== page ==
The Technomancer’s graphics are a generation behind in most aspects, lacking any of the graphical enhancements that many games of this generation now have as standard. The environments have a decent amount of detail in them but it’s all relatively low poly work. The lighting effects help to hide the more egregious faults but they aren’t enough to wash away that previous gen feel. Considering other games that use the same engine (like Unravel) seem to do a lot better in this department it does make you wonder just what modifications Spiders made to the engine and if it was really worth the development time.
The Technomancer is a mostly standard RPG affair; taking inspiration from other, better games in this genre and attempting to make its own special version of it. There’s 3 different fighting styles, each of which roughly equate to something from the RPG holy trinity. Each of them has a talent tree to match with an additional 4th talent tree for your Technomancy (read: electricity) spells. There’s also an additional 2 talent trees which are used for further character customization, focusing on what gear you can use and what ancillary abilities (like crafting) you have. There’s a mediocre crafting system which appears to be half done which coupled with the mediocre loot system makes for a repetitive and lacklustre gearing experience. You can also bring along 2 companions with you as well, each of which will mimic one of your fighting styles. Honestly there’s a surprising amount of stuff in The Technomancer but, unfortunately, that’s probably why it has so many issues.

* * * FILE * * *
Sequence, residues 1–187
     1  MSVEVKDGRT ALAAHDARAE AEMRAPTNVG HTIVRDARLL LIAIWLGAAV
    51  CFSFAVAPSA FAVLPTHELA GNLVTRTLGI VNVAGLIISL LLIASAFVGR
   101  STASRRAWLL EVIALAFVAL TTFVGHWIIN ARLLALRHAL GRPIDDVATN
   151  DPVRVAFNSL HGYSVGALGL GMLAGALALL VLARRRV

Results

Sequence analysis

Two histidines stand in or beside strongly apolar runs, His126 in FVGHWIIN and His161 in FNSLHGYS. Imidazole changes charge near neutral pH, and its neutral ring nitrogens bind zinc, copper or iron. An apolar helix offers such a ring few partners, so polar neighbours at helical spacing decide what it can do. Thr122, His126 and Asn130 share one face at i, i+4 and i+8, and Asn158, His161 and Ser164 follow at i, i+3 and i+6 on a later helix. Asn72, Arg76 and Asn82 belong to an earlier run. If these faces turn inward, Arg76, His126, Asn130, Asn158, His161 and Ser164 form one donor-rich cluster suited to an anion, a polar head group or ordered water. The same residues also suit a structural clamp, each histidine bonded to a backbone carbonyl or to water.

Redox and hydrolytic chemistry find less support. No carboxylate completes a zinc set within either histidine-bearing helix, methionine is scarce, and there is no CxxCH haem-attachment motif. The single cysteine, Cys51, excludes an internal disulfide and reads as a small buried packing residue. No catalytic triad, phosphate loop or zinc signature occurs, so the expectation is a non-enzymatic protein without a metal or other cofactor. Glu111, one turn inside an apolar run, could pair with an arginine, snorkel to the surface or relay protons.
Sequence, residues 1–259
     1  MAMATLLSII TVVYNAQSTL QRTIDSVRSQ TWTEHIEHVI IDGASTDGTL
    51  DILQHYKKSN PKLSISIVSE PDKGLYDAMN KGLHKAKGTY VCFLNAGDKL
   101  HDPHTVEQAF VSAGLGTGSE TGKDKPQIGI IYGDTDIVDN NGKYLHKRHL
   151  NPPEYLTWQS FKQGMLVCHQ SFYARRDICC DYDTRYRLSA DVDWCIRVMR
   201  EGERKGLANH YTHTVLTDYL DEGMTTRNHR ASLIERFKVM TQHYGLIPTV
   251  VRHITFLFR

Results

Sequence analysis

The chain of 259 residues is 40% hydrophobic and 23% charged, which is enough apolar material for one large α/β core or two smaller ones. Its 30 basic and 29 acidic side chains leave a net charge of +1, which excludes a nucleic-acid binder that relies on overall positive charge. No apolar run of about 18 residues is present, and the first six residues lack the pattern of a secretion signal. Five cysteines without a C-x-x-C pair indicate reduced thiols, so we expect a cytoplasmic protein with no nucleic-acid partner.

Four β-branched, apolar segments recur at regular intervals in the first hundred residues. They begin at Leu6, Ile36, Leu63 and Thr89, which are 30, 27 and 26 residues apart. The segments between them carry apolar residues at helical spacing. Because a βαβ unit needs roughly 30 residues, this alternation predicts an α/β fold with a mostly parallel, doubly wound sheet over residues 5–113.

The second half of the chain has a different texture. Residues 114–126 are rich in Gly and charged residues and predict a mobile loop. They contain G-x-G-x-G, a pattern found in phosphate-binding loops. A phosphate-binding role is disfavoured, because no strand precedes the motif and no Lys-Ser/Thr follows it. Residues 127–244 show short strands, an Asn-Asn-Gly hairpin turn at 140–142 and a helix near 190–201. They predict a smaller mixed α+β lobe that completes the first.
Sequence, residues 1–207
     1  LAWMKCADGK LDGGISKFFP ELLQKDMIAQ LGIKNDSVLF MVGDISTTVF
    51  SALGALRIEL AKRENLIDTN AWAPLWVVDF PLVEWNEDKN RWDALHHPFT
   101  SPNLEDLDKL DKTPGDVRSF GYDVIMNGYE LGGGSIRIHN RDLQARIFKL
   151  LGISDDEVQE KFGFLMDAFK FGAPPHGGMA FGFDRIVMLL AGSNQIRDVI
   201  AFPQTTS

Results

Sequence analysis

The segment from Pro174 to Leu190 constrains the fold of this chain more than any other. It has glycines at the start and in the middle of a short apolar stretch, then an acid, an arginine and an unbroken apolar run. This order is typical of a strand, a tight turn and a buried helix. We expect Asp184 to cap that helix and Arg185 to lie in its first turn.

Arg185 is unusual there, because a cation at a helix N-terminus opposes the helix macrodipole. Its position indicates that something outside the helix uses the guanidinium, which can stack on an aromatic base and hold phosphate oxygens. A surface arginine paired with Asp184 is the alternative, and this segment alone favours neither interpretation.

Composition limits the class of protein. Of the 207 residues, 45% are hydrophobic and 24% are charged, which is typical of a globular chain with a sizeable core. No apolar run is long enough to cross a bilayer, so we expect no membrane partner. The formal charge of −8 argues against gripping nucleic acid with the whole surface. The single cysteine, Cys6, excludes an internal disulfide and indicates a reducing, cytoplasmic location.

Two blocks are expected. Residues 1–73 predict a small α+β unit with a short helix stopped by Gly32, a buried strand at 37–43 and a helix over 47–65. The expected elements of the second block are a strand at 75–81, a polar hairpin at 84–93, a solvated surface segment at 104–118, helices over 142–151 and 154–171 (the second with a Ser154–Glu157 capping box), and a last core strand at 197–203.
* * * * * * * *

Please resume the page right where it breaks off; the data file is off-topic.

Combat is unintuitive, confusing and worst of all unreliable. I can’t tell you how many times I’d appear to hit an enemy with my staff only to have it whiff through them completely without a hint of why. No damage meter saying “Miss!” or “Dodged!”, just the sound of my staff sailing through the air like it wasn’t touching anything. The combat is a half hearted attempt at recreating the Dark Souls system but unfortunately fails miserably. It doesn’t help that most of the stats appear to be totally meaningless, like when I had 140% disruption but still wouldn’t disrupt enemies when hitting them. Maybe there’s an explanation somewhere about how these stats work but they’re not explained in the game at all, not even in the stats spreadsheet that lists all these things off. So in the end you’re left to simply flip the coin at most encounters, hoping the RNG swings in you favour this time around.